LAW OF EQUIPPING: Equip for service

MINDSET: Eph. 4:11-16 ... to equip his people for works of service, so that the body of Christ may be built up
  1. The primary purpose of the teacher is to equip.

    To equip = To prepare, make ready, complete or restore (for ministry and service)

  2. The primary audience of teachers is Christians.

  3. The primary result of equipping is Christians doing the work of ministry and edifying the Body of Christ.
    From him the whole body, 
    joined and held together by every supporting ligament, 
    grows and builds itself up in love, 
    as each part does its work.
    Eph. 4:16
Seven Equipping Maxims
  1. Equipping is the responsibility of the teacher.

  2. Equipping occurs best when the teacher assumes the biblical role of coach, not a player (Acts 2:42).

  3. Equipping is best evaluated by what the student does after class.

  4. Equipping should impact both character and conduct.

    Character is the spawning ground for conduct. Beliefs always precede behavior.

  5. Equipping should focus more intensely on the more committed (2 Tim. 2:2).

  6. Equipping requires knowledge, skill and long-term commitment — it takes time.

  7. The ultimate goal of equipping is independent equippers — able to teach others also.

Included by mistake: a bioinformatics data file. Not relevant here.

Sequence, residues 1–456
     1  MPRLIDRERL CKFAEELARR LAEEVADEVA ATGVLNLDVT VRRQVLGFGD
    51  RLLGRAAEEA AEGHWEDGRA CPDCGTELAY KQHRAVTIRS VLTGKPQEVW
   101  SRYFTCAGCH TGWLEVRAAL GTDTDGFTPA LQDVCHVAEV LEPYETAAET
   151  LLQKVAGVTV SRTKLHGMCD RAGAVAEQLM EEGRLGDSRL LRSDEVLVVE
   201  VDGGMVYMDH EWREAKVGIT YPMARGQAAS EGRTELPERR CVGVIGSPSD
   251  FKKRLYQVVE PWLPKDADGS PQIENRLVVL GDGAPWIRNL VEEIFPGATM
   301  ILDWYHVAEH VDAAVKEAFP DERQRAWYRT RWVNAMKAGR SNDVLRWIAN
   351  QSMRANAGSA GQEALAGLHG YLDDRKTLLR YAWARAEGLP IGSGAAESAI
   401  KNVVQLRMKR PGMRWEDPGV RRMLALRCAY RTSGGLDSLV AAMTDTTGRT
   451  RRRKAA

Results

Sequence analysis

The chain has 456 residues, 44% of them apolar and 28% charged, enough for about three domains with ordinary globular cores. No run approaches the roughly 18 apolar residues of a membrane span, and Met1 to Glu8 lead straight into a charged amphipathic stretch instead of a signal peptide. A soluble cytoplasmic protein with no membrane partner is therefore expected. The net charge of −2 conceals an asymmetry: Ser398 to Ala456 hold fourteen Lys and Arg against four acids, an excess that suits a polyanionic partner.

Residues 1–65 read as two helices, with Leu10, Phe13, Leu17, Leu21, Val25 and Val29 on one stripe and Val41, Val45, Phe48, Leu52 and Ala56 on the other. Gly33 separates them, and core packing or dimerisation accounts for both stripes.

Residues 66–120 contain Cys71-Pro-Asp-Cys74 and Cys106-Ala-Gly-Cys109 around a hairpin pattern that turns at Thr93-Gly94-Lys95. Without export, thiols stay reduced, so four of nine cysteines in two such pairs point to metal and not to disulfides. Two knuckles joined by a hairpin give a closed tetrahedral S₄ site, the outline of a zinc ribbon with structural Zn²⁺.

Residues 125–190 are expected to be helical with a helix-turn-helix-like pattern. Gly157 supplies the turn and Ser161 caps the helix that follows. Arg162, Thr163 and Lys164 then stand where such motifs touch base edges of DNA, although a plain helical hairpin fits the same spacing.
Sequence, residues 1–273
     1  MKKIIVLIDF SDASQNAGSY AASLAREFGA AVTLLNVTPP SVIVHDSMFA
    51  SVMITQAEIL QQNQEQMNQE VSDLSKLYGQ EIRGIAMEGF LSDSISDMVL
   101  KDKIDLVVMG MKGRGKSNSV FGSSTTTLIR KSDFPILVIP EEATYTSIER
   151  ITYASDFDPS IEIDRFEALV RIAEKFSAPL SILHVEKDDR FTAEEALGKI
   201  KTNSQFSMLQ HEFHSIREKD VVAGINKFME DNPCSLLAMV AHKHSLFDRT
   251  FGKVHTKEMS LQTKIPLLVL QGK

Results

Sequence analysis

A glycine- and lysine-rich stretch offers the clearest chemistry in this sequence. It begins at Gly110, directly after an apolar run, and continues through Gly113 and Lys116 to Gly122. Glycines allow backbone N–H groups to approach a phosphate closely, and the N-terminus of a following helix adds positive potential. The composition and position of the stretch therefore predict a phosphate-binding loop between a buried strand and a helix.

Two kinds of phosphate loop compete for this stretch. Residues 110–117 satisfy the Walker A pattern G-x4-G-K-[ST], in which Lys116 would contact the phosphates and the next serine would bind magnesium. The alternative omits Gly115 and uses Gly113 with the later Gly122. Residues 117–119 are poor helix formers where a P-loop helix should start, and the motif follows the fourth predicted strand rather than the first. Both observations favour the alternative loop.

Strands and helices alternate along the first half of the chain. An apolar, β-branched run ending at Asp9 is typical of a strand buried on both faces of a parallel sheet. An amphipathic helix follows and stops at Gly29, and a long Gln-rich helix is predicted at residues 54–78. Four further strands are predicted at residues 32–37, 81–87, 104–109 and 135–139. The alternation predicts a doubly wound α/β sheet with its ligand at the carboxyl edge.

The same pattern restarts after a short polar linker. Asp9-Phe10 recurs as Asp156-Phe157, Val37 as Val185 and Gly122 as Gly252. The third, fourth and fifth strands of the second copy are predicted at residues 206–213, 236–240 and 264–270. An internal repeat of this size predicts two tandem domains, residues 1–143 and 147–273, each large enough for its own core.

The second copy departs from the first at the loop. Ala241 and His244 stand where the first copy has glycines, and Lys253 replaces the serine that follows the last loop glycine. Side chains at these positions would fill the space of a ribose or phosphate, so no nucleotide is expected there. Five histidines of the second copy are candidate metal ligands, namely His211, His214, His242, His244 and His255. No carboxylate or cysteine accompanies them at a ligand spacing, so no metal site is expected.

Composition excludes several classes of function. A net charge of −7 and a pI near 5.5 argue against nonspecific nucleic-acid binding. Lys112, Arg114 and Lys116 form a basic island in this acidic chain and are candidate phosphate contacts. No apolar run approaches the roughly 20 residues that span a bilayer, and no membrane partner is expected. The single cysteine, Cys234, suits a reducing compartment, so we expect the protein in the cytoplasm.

Five-Step Equipping Method
  1. INSTRUCT: Educate with the basics - I tell you.
  2. ILLUSTRATE: Demo the skill - You watch me.
  3. INVOLVE: Practice practicum - We do it together.
  4. IMPROVE: Work, work, work - I watch you.
  5. INSPIRE: Perfect the performance and pass it on - Keep it up.

Seven Equipping Maximizers
  1. Train your students until they are successful, independent users of the skill.

    A student's conviction and capability determine his ultimate success.

  2. Reproduce yourself by focusing on students’ skill, not your style.

    Students must become effective within their own personality and temperament.

  3. Alter equipping according to your students’ characteristics and circumstances.

    Plot your course according to your students' abilities.

  4. Increase student motivation by relationship, retribution and reward.

  5. Nail down the basics before developing advanced skills.

  6. Encourage students more frequently in early trainings.

  7. Reaffirm students’ value independent of their level of performance.

    A student's value is not tied to their performance. Also performance appraisal is relative to the ability of that person - not of others.

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Alan's Gleanings | October 2011 by Alan S.L. Wong